If we put aside the traditional concept of the yoga of knowledge requiring physical renunciation of action, we can find the reconciliation that the Gita is trying to achieve. The Gita gives its approval to the practice of the yoga of knowledge, the yoga of the intelligent will, but not in the absence of action, but in the carrying out of action performed according to the principles that knowledge provides for us.
Sri Aurobindo explains: “For knowledge does not mean renunciation of works, it means equality and non-attachment to desire and the objects of sense; and it means the poise of the intelligent will in the Soul free and high-uplifted above the lower instrumentation of Prakriti and controlling the works of the mind and the senses and body in the power of self-knowledge and the pure objectless self-delight of spiritual realisation….”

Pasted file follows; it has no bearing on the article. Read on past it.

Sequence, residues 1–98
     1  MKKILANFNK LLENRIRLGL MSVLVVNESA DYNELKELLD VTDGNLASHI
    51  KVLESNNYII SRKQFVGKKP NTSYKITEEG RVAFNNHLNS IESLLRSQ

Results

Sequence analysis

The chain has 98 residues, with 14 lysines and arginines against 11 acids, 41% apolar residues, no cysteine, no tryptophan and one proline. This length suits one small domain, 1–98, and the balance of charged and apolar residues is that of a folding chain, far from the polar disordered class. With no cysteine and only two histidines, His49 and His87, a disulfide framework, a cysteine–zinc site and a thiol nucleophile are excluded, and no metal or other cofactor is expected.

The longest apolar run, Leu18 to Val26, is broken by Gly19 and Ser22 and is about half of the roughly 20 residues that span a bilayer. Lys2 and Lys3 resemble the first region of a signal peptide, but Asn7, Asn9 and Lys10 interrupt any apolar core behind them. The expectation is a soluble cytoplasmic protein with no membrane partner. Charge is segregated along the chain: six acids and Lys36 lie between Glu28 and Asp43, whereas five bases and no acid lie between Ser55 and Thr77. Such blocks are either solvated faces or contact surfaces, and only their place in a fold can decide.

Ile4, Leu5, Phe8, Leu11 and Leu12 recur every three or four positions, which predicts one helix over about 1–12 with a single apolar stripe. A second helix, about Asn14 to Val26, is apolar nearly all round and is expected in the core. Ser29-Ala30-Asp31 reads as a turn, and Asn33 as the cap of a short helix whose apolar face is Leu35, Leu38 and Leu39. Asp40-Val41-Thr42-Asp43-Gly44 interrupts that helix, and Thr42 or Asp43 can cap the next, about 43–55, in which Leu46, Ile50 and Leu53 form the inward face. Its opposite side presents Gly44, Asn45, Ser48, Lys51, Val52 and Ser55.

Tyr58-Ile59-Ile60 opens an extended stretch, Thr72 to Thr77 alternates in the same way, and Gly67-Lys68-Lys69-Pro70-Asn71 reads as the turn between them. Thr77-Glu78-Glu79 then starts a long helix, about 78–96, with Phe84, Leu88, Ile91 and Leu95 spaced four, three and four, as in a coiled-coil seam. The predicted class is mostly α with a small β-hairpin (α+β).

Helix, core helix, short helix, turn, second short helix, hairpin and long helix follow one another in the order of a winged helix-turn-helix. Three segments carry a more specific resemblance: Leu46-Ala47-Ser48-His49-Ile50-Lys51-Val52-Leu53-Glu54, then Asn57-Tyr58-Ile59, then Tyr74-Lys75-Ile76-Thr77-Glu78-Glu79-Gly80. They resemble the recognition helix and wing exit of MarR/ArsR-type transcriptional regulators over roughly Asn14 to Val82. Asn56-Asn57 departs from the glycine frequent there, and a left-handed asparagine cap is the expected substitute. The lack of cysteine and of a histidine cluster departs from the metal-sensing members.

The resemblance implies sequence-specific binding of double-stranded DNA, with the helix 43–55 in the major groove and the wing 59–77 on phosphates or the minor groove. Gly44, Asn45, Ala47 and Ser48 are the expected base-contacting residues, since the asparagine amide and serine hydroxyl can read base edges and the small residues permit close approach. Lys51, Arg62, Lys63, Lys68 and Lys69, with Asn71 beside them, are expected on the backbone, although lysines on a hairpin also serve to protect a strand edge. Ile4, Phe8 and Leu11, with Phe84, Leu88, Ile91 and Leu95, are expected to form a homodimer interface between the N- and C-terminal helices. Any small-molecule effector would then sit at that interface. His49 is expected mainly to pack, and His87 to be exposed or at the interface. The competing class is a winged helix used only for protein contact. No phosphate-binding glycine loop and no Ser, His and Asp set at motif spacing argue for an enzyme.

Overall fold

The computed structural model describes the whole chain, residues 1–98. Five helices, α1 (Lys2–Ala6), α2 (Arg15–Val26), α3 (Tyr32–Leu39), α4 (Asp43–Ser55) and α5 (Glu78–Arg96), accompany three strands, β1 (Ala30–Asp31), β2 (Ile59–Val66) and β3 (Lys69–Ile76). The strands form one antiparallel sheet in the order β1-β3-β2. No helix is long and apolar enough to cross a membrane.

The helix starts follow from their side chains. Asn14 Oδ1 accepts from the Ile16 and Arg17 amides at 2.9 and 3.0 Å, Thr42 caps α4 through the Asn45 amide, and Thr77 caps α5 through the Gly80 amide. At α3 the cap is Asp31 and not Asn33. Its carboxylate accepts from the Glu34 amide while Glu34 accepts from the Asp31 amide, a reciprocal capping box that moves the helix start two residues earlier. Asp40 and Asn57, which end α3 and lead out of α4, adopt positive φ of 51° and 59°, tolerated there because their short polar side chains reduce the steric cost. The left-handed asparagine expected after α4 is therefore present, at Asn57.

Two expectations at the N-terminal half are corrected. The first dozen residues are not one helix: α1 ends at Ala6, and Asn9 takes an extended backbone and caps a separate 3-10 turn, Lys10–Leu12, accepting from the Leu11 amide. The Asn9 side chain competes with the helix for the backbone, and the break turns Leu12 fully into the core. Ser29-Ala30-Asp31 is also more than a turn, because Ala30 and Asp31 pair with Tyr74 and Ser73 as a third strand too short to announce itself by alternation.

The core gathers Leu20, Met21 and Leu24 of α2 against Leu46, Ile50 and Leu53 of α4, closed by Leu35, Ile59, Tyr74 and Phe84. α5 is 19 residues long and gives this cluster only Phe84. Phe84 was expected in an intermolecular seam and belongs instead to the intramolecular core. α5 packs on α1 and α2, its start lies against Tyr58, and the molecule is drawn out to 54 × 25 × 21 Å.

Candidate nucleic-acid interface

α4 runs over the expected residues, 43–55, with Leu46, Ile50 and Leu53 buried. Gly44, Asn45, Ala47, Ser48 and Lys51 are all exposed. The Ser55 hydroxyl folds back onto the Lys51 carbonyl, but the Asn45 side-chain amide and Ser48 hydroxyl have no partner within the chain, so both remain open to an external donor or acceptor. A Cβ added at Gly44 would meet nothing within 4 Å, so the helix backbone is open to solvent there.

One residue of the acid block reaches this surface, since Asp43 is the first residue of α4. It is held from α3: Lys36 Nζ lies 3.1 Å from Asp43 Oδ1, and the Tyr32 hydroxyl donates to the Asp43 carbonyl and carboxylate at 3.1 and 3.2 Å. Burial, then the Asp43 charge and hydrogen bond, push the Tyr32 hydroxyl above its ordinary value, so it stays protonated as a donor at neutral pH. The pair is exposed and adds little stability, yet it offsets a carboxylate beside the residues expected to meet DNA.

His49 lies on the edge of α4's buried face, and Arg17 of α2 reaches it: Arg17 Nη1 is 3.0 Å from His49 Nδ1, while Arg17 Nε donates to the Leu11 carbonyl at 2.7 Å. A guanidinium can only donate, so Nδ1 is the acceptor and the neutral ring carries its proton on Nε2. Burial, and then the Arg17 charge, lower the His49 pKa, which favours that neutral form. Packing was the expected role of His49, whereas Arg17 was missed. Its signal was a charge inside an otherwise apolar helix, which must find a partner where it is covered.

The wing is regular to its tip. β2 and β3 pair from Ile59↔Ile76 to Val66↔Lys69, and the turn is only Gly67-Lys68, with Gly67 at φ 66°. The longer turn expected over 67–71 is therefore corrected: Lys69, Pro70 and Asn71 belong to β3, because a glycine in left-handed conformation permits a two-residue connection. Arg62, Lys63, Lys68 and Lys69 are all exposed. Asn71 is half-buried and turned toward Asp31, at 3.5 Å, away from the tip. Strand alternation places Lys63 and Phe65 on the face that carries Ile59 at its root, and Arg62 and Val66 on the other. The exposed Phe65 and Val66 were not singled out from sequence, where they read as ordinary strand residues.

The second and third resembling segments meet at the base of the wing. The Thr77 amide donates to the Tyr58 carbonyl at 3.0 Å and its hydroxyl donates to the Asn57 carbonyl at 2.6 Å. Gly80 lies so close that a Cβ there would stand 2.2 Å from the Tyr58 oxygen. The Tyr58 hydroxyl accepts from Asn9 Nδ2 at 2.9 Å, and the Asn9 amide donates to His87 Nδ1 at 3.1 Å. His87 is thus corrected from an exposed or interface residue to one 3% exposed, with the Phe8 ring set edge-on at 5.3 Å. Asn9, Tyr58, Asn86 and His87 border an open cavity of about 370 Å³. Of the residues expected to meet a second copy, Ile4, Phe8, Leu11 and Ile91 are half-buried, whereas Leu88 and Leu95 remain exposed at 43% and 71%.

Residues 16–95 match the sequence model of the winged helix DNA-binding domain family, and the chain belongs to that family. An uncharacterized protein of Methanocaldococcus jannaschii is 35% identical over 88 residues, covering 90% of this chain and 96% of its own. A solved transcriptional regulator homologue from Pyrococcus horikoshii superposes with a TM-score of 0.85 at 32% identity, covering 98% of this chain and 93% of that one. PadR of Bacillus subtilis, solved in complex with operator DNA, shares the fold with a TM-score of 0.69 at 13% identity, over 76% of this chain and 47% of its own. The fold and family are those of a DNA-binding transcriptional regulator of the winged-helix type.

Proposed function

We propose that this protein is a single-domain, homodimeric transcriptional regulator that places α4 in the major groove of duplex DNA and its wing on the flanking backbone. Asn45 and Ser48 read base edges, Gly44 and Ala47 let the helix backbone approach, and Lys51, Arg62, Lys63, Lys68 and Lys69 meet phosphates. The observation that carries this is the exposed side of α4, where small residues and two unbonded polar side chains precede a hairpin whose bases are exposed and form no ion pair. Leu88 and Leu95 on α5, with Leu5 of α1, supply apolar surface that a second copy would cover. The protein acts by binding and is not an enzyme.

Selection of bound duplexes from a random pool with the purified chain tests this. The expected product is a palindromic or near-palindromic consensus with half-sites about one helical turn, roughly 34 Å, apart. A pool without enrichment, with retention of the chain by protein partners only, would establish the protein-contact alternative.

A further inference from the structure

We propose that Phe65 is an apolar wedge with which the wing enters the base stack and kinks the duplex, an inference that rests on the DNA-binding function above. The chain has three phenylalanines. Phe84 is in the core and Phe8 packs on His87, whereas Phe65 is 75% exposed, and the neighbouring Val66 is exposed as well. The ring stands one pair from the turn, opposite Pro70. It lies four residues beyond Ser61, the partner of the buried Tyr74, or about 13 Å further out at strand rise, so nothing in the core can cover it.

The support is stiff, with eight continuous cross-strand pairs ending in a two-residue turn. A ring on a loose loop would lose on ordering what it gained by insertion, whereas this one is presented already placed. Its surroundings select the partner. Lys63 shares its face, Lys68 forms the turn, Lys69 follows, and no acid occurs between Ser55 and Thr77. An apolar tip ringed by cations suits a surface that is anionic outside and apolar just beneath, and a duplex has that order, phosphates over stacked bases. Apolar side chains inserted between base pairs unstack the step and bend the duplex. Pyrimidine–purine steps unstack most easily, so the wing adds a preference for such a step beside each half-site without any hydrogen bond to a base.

“…the Yoga of the self-liberating intelligent will finds its full meaning by the Yoga of desireless works. Thus the Gita founds its teaching of the necessity of desireless works, niskama karma, and unites the subjective practice of the Sankhyas–rejecting their merely physical rule–with the practice of Yoga.”
The central concept here is to do works using the mind to bring the senses under control. Action undertaken in Karma Yoga is done under the principle of “non-attachment, it is to do works without clinging with the mind to the objects of sense and the fruit of the works.”
This process is one that develops in stages, sequentially, starting with the practice of doing works with the consciousness of being the “doer” but with non-attachment to the results. As the Gita progresses, it goes through the various different stages until the complete understanding of the implications of this reconciliation of knowledge and works becomes clear.